Matthew 1:17 Thus there were fourteen generations in all from Abraham to David, fourteen from David to the exile to Babylon, and fourteen from the exile to the Messiah.
Matthew focuses on Joseph as a descendant of David. We then read about how Joseph was planning to divorce Mary.

Five old testament quotations about Jesus are given by Matthew, and the first is from Prophet Isaiah 7:14.
Matthew 1:23 “The virgin will conceive and give birth to a son, and they will call him Immanuel” (which means “God with us”).
We then see how Joseph was planning to divorce Mary after hearing that she was pregnant. Even though he had taken just a pledge to marry her, in Jewish culture a pledge was considered binding, and a divorce was necessary to break the pledge.

An angel appeared to Joseph in a dream and said, “Joseph son of David, do not be afraid to take Mary home as your wife, because what is conceived in her is from the Holy Spirit. She will give birth to a son, and you are to give him the name Jesus, because he will save his people from their sins.”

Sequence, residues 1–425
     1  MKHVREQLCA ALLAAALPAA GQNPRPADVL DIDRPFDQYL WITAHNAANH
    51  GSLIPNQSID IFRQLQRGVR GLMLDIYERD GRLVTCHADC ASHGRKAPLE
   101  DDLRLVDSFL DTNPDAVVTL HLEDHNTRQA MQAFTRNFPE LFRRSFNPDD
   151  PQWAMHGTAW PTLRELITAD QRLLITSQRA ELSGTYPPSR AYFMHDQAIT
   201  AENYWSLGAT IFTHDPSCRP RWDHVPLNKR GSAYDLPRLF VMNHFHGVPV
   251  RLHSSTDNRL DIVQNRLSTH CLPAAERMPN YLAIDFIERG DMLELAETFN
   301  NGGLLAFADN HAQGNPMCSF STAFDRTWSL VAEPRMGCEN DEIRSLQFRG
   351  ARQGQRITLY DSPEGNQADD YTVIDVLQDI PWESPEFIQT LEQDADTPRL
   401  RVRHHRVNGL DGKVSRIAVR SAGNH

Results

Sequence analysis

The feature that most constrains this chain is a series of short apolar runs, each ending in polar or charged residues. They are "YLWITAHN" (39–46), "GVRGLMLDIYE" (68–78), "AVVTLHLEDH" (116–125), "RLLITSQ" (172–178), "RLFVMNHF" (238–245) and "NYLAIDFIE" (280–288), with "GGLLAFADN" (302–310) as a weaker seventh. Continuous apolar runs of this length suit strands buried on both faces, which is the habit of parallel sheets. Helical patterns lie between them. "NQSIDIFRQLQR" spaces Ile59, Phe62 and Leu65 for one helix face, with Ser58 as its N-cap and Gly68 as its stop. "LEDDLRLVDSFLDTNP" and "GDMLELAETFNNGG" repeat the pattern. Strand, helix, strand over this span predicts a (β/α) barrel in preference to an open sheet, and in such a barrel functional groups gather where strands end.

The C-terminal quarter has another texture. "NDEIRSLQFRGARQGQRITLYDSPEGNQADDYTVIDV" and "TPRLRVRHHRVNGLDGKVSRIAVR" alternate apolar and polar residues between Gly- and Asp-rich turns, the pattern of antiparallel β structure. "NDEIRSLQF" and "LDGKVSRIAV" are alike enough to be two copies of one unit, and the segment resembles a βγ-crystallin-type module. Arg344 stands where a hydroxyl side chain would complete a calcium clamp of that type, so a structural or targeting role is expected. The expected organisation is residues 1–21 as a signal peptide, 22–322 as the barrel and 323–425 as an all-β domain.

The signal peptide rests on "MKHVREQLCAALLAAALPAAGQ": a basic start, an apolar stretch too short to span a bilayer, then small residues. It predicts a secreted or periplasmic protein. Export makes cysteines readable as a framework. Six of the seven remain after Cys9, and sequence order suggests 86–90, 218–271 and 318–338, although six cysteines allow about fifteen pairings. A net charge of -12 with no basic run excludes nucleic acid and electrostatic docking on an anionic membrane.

Joseph followed the angel's direction and married Mary. He named the baby Jesus.



Additional Info: 
Matthew focuses on the Jewish genealogy, starting from Abraham. He traces a royal lineage of David's heir. In contrast, Luke focuses on the commonality of genealogy, starting from Adam.

Luke focuses on the genealogy of Mary, while Matthew focuses on Joseph.

Imagine the test of faith both Mary and Joseph had to endure. How difficult it would have been for Mary, a teenage girl, to believe that she was pregnant without knowing a man. Again, how difficult it would have been for Joseph to believe that Mary, his future wife, conceived a child by the Holy Spirit?


John 1:1-14


Unlike Matthew and Luke, John goes to the very beginning and gives a theological introduction to Jesus, sounding like Genesis 1:1.
John 1:1 In the beginning was the Word, and the Word was with God, and the Word was God.
2 He was with God in the beginning.
In Jewish history, the "Word" is associated with God's Wisdom, as in Proverbs 8 and 9.

Then, in verse 6, we read:
John 1:6 There was a man sent from God whose name was John.
7 He came as a witness to testify concerning that light, so that through him all might believe.
8 He himself was not the light; he came only as a witness to the light.
This John is John the Baptist, and not the author of this book.

Verse 14 speaks about Jesus Christ.
John 1:14 The Word became flesh and made his dwelling among us. We have seen his glory, the glory of the one and only Son, who came from the Father, full of grace and truth.
Speaking about the glory of Jesus Christ, John (the author), got an opportunity to witness it along with Peter and James, during Transfiguration.